Is the system suffering from “Shiny New Toy Syndrome”?

If you are not familiar with shiny new toy syndrome, it is characterised by the sufferer wanting to own the latest toy and getting hooked on the intense but very temporary high of the ownership, before moving on to something else.  In the short term the new toy always seems to offer some sort of novel nirvana and the hope of short term gains, and the owner is blinded to the obvious shortcomings of that item.  But then, inevitably, disenchantment sets in, and the owner discards the toy and moves on to the next thing.

It seems to me that at present the wider NHS system is suffering from shiny new toy syndrome when it comes to Primary Care Networks (PCNs).  Whatever the current question, at present the answer is “PCNs”.  From “how will general practice be sustainable in the future?” to “how will we sort out out of hospital care?” and right through to “how will we deliver our ICP plan?”; the answer always seems to be “PCNs”.

As happens with shiny new toy syndrome, the system is apparently blinded to the obvious shortcomings of PCNs, most notably that they are brand new, they have very limited (if any) capacity to deliver, they have a large cohort of inexperienced leaders in place, and the relationships they have are very much in their infancy.  PCN development money is not, unfortunately, magic dust that can make these limitations disappear any time soon.

And it does not take someone with particularly well-honed psychic powers to predict that a year or two down the line widespread disillusionment with PCNs will set in, as they fail to deliver “what we expected”.  This will be followed by questioning as to whether the 30-50,000 population was really the right size, and then a new solution (or shiny new toy) will be put in place to replace this one, with equally unrealistic expectations upon it.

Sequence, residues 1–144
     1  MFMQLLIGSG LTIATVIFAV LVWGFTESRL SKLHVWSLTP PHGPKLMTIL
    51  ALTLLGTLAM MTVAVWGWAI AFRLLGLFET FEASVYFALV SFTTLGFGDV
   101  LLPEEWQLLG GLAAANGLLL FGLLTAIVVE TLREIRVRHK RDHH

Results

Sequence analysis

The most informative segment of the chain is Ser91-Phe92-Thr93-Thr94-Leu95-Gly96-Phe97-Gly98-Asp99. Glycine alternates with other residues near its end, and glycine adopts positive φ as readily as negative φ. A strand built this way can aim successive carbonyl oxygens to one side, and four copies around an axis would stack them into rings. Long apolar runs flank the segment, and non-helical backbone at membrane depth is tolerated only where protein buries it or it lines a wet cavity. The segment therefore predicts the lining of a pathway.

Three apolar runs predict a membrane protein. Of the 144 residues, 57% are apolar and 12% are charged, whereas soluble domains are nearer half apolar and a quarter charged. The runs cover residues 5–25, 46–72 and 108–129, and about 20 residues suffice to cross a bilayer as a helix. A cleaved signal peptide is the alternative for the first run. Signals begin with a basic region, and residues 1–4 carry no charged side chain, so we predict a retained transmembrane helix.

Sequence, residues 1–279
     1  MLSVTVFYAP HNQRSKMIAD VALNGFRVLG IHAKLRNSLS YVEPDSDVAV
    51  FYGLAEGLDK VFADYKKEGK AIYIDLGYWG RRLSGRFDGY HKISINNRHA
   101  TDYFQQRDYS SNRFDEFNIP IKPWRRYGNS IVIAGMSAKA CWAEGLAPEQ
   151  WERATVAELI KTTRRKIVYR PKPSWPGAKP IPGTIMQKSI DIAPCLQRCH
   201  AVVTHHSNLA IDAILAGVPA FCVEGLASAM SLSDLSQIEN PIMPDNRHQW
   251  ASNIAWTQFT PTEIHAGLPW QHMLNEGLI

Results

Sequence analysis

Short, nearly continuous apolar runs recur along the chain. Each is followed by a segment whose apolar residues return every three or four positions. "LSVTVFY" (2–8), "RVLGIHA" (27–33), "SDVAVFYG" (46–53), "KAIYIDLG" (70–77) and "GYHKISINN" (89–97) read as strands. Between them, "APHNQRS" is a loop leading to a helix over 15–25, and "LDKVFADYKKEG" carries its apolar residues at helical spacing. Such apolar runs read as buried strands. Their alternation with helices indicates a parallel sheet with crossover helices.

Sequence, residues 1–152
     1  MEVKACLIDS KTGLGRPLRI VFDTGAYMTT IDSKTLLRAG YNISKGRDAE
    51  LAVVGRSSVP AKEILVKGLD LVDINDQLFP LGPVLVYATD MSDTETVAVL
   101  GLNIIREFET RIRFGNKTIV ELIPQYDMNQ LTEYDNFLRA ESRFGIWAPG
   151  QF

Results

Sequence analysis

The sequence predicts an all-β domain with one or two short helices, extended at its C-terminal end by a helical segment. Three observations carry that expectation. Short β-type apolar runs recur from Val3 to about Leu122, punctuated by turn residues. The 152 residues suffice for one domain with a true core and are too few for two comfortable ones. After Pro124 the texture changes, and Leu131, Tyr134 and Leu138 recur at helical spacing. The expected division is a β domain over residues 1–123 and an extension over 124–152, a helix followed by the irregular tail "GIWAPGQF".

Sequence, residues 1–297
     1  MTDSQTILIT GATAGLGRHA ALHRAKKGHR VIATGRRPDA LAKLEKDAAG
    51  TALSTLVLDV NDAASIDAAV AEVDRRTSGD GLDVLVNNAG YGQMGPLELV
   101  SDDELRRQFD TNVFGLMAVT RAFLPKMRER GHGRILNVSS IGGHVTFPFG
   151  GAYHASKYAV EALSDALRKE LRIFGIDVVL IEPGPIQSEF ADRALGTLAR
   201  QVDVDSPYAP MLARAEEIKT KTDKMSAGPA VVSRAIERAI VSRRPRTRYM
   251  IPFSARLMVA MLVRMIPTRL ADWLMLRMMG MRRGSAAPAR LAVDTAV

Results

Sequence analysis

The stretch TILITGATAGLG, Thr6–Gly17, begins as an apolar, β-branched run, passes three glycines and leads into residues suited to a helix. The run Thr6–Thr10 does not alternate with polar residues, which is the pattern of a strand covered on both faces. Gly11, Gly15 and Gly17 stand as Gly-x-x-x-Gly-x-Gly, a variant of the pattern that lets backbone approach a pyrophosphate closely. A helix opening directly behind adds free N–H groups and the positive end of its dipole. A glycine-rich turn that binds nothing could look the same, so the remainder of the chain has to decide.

Success generally comes by staying focussed over the long term, and not getting distracted by whatever is new today.  The risk is that in the excitement of PCNs the recent good work that had been put in place to turn round the fortunes of general practice may get lost, including:

  • The GP Forward View and the releasing time for care programme
  • The support for individual practices to meet the challenges they face
  • The support for practices to learn to work together in different ways
  • The support for federations and other at-scale structures as enabling entities operating across multiple practices.

These were things making a difference, and you can feel the system losing its appetite to maintain its focus on them because PCNs are the shiny new toy in town.  Of course PCNs are an opportunity to build on the work so far, to enable further investment where it is needed into general practice, and to develop stronger relationships across general practice and between general practice and the rest of the system.  But it is going to take time.  The benefits will only come over the medium to long term, and they will require PCNs to build on the progress to the point at which they were conceived rather than starting all over again.